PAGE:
Most of us don't think much of snow: it's something to snowboard on, perhaps; fun for the kids, certainly, and usually a pain to shovel. But for British "snow artist" Simon Beck, it's a pure, clean canvas for stunning, large-scale works of art, made with his own two feet (shod with snowshoes, of course).
Massive Art in Fields of Snow
Mapping out Snow Patterns
Beck, who is an Oxford-educated engineer, and whose day job is orienteering and map-making (that would explain how he gets his stuff so precise over such a large area, sometimes up to six football fields), describes his creative process on his FAQ, which also involves some indoor computer work, making drawings and studying how to best get things done. He then hikes out to a chosen site, usually a fresh, flat piece of land that skiers usually forego due to the lack of slopes:
Stage 1 is measuring. Usually I work outwards from the center. Straight lines are made by using the compass and walking in a straight line towards a point in the distance, curves are made by judgement. Both require a lot of practice to get it good.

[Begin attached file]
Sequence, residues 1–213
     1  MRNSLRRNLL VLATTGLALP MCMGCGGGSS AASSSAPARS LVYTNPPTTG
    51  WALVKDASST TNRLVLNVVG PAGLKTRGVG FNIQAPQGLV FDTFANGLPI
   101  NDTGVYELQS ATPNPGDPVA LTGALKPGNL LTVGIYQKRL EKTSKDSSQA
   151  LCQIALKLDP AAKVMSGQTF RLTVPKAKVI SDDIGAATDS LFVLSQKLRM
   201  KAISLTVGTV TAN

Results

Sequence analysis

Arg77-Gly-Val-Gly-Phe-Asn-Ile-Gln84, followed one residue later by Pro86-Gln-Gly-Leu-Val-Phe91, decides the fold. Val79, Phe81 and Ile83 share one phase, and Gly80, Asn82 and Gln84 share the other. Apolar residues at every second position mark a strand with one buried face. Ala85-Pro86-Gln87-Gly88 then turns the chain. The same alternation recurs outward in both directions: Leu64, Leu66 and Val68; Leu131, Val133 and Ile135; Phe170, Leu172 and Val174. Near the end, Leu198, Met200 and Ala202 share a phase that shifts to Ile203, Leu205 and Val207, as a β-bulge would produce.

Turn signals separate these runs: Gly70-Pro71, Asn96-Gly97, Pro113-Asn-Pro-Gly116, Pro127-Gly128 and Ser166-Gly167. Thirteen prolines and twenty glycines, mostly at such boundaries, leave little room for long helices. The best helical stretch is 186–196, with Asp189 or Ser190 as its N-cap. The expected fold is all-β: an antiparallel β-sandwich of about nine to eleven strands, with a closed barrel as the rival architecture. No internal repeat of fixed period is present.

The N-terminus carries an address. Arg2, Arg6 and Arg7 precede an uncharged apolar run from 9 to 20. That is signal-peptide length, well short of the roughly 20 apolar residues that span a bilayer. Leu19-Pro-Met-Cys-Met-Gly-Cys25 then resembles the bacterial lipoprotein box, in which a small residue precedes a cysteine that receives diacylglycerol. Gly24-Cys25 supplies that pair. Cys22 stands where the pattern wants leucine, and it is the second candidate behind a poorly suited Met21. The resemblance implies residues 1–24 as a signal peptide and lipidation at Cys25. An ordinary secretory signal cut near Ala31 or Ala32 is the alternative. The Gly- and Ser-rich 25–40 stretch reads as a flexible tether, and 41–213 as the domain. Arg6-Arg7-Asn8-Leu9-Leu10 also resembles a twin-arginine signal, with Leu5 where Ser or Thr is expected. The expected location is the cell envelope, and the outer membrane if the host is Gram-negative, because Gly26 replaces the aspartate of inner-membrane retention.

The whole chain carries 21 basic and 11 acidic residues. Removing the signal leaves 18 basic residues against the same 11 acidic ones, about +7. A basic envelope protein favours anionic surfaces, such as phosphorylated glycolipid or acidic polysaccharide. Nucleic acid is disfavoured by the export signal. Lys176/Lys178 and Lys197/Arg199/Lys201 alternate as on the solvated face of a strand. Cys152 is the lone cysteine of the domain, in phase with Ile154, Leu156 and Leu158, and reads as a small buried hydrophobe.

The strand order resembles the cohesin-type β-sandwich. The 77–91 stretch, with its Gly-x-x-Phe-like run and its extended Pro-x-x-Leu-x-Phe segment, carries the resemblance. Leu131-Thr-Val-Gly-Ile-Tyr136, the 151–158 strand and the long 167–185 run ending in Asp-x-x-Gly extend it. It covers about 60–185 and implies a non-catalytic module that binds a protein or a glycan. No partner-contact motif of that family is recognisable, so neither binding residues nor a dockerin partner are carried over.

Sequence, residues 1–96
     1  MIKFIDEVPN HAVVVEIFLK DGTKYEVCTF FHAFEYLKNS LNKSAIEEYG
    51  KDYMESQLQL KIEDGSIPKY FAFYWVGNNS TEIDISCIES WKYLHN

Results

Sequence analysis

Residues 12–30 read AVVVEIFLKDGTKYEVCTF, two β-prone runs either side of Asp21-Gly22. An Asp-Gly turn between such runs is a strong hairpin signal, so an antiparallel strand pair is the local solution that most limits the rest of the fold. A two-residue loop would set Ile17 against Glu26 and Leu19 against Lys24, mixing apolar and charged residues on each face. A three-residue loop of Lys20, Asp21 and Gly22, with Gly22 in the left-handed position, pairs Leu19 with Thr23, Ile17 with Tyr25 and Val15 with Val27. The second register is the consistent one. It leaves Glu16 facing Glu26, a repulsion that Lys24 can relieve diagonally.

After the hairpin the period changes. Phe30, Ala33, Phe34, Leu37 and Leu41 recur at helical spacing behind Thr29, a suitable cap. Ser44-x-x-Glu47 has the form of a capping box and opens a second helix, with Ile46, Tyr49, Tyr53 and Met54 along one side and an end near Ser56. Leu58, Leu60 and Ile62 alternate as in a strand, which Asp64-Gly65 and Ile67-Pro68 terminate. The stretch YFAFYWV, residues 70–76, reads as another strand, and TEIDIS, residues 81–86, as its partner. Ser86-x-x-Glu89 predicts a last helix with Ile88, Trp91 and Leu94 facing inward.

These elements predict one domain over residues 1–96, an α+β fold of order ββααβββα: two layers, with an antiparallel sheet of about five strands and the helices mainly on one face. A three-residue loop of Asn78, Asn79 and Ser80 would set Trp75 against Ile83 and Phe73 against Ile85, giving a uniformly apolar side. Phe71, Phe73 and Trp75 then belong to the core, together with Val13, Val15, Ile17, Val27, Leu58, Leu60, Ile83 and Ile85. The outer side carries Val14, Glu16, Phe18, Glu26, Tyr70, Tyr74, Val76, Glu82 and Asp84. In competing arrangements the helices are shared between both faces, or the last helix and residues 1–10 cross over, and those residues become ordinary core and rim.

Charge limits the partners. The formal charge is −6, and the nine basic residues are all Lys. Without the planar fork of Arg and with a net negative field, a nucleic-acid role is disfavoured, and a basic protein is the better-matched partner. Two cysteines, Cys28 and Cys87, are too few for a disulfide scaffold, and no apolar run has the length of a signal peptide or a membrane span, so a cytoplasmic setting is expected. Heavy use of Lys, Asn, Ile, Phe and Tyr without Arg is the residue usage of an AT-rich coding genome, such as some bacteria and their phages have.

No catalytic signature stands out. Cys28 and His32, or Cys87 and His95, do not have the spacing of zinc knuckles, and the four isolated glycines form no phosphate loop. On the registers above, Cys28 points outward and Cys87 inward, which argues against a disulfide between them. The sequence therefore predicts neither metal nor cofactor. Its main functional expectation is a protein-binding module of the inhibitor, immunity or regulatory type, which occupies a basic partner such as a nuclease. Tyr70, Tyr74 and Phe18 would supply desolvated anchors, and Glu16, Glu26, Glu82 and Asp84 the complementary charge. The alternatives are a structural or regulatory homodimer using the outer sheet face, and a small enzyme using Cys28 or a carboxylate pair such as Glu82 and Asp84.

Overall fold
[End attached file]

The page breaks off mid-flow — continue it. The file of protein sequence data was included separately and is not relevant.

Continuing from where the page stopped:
When the primary straight lines and curves have been made, points are measured along them using pace counting for distance measurement. Next, the secondary lines are added by joining the points determined by the above process. Usually I walk the lines three times to get them really good, if there is enough time. Lastly, the shaded areas are filled in.
Each of the works takes many hours of physical stamina and concentration to complete; they are truly "artistic and atheletic" works. Beck has been doing these works for more than a decade, and has just put out a book featuring over 200 photos of these magical works of wintery art. For more information, visit Snow Art Gallery.